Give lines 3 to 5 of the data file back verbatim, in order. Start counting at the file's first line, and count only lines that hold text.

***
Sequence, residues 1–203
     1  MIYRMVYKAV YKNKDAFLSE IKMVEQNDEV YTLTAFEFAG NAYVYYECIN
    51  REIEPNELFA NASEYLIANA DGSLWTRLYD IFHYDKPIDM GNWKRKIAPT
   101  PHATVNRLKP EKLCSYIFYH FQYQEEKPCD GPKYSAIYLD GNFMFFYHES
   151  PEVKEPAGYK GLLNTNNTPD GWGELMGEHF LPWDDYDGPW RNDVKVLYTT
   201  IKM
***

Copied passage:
    51  REIEPNELFA NASEYLIANA DGSLWTRLYD IFHYDKPIDM GNWKRKIAPT
   101  PHATVNRLKP EKLCSYIFYH FQYQEEKPCD GPKYSAIYLD GNFMFFYHES
   151  PEVKEPAGYK GLLNTNNTPD GWGELMGEHF LPWDDYDGPW RNDVKVLYTT